Billions of people place bids for goods on eBay each year, and now a software developer in Texas is bringing the auction concept to real estate sales commissions. Realty Baron is still in its infancy, but the online lead service hopes to grow into a valuable resource for real estate agents and home sellers.
Realty Baron attracts home sellers by offering them more control over the commission they’ll pay a real estate agent, and the level of services and agent they choose to use.
“The goal is to have a very open marketplace for matching sellers and agents,” Realty Baron creator Marc Dugger said. “The sellers themselves are posting the property information…they’re able to specify the starting and reserve commission.” A reserve commission is an amount the seller considers acceptable.
Realty Baron’s business model contains two key components: a unique AgentRank system Dugger designed himself, and the commission-bidding system, which gives home sellers a platform to negotiate sales commissions with agents.
The commission-bidding system uses a reverse-auction format in which agents can determine how much commission they’d charge for a listing by looking at the property information the seller loads on the Web site. Agents place bids much like eBay’s auction format, and can see what their competitors are bidding for the listing.
In addition, sellers can choose the level of service they’re looking for. For example, the seller may only want someone to help them negotiate offers or to help them market the home.
Realty Baron releases the seller’s contact information only to the agent who submits the most competitive bid. If no acceptable bids are received, the contact information is withheld.
During the bidding process, agents can view photos, property description, ZIP code, a basic snapshot of the property’s value and additional details relevant to the sale such as when the seller expects to list the house, or whether there is a strict deadline to sell.
A listing auction stays open for three, five, seven or 10 days, Dugger said, and bids are accepted until a listing auction closes.
As expected, many agents initially react negatively to the idea of bidding for commission rates on listings.
“They don’t make it past the wording and immediately think it’s low-man wins,” Dugger said. “It’s a natural knee-jerk reaction.” But agents who’ve investigated the model and understand how it works in conjunction with the AgentRank system in many cases end up joining.
AgentRank is a proprietary algorithm created by Realty Baron that assigns agents a value from 0 to 10 based on their ability to deliver results for clients. Agents must have an AgentRank to participate in a listing auction. The idea is that sellers will be guaranteed a certain level of service, depending on which ranking of agents they want to work with. For agents, AgentRank is a way for them to justify their commissions.
“It separates it from just being a low-man or low-woman wins,” Dugger said. “The incentive of maintaining a high agent rank will in turn return a higher commission.”
The algorithm considers the agent’s profile, as well as seller feedback, which is another aspect to the Web site that’s still being developed. As more sellers use the service, the database of agent information will grow to include more feedback and statistics on past sales using Realty Baron.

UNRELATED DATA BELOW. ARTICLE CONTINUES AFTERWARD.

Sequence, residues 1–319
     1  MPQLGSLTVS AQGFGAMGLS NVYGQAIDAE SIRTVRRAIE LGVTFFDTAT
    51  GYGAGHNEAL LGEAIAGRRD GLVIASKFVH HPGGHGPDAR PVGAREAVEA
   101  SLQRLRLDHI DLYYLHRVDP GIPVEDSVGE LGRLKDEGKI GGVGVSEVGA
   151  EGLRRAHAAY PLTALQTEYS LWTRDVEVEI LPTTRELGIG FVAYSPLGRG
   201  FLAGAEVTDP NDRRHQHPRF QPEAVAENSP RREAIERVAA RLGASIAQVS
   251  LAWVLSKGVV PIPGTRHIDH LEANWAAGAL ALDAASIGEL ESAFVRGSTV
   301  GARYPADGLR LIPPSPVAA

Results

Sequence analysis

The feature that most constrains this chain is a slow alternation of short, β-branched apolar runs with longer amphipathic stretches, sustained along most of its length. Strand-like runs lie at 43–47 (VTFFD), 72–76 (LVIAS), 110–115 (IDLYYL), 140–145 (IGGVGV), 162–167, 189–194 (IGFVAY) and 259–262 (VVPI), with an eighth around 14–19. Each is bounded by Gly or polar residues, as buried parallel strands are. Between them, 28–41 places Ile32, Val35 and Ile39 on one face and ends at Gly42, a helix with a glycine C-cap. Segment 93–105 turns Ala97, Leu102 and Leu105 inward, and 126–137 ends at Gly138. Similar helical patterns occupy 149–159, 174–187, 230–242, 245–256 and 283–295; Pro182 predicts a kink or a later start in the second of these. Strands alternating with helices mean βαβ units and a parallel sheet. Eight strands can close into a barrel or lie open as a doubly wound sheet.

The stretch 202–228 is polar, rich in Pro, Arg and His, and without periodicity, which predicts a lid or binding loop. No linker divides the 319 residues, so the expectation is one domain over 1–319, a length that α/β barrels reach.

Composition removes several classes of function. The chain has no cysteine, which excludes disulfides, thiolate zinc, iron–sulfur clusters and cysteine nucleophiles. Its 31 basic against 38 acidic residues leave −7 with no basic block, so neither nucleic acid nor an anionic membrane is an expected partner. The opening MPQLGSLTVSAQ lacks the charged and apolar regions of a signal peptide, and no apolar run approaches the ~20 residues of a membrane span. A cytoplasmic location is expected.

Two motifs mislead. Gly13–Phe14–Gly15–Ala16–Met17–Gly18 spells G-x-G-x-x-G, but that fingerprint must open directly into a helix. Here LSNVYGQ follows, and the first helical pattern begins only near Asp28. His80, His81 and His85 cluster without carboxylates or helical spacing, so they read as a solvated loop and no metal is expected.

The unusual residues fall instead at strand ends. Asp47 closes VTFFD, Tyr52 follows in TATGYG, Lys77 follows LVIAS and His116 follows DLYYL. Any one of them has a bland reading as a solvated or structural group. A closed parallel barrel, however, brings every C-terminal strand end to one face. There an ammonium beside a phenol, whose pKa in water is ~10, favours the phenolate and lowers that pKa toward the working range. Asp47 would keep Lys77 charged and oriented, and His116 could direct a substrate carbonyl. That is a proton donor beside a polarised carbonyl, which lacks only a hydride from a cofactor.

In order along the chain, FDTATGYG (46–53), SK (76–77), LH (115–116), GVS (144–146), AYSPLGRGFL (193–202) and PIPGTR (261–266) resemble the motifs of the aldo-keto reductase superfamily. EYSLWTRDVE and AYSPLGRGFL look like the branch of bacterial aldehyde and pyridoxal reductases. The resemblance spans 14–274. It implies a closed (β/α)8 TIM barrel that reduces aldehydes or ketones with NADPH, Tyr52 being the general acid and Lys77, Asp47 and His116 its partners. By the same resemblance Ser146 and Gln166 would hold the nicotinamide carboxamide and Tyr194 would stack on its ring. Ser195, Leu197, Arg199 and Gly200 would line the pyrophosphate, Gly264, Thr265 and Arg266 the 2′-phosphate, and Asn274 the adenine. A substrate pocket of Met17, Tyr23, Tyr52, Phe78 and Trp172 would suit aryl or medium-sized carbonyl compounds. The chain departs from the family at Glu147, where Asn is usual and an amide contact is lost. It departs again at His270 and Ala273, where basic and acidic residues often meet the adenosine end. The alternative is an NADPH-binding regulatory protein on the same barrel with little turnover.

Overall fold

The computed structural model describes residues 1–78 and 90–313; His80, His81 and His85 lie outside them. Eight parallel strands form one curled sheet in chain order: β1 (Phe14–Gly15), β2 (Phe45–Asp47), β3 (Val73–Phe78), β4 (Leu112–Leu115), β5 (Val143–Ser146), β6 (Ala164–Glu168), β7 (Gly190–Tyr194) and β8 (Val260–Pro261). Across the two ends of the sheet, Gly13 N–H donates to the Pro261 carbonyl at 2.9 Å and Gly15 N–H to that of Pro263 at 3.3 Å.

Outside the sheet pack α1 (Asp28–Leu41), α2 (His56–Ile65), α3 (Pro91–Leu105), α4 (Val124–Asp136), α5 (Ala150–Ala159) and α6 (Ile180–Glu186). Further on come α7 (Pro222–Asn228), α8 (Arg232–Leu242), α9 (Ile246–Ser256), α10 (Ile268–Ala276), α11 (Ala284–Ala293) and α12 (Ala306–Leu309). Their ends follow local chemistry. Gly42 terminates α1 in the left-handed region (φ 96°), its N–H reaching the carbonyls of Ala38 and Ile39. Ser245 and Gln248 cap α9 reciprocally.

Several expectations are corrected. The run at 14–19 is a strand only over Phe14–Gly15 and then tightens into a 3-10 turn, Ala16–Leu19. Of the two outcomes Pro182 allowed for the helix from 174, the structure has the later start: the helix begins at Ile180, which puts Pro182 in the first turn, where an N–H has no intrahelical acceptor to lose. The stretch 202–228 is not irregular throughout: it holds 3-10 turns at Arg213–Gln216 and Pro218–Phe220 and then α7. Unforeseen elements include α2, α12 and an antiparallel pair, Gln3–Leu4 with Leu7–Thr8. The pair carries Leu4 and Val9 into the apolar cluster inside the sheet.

“This is not artificial intelligence,” Dugger said. There will be some manual tweaking in the algorithm as he starts to identify what agents’ individual sales attributes are.
“I’m bringing in all these elements that a seller normally does–I’ve just automated the process to make it a no-brainer,” he said.
Dugger is collecting information from each transaction to add to the AgentRank technology. Things like days on the market, asking price versus sales price in past transactions and Realtor designations eventually will incorporate into the ranking system.
Realty Baron charges agents a percentage of their commission only when a deal closes.
Karen Dwyer, a Realtor with Southern Exposure Realtors in Austin, noted the value for agents in having the ranking system. Some consumers may be willing to pay more for full services as opposed to discounted services and the system will show them how “you get what you pay for,” she said.
Dwyer also thinks the seller leads coming through Realty Baron may be more valuable than other online lead generators because only serious sellers will bother going through the process of uploading their property information to the Web site.
“The chance you’ll get someone who’s motivated to sell is very high,” she said.
Dugger said he’s had an easier time finding agents to sign up for the service than he’s had finding home sellers. “Sellers are still very sought after and I don’t know if they’ve hit the Web as much as buyers,” he said.
He’s been building relationships with online content providers and affiliate marketers to capture more home seller attention.
Dugger’s professional background is in technology and software development, and he’s worked with real estate clients over the past two years.
“I feel like an outsider status has helped me to bring a fresh perspective to what’s already being done,” he said. “At my core, I’m a problem solver…I’ve set out to identify the weaknesses in current systems.”
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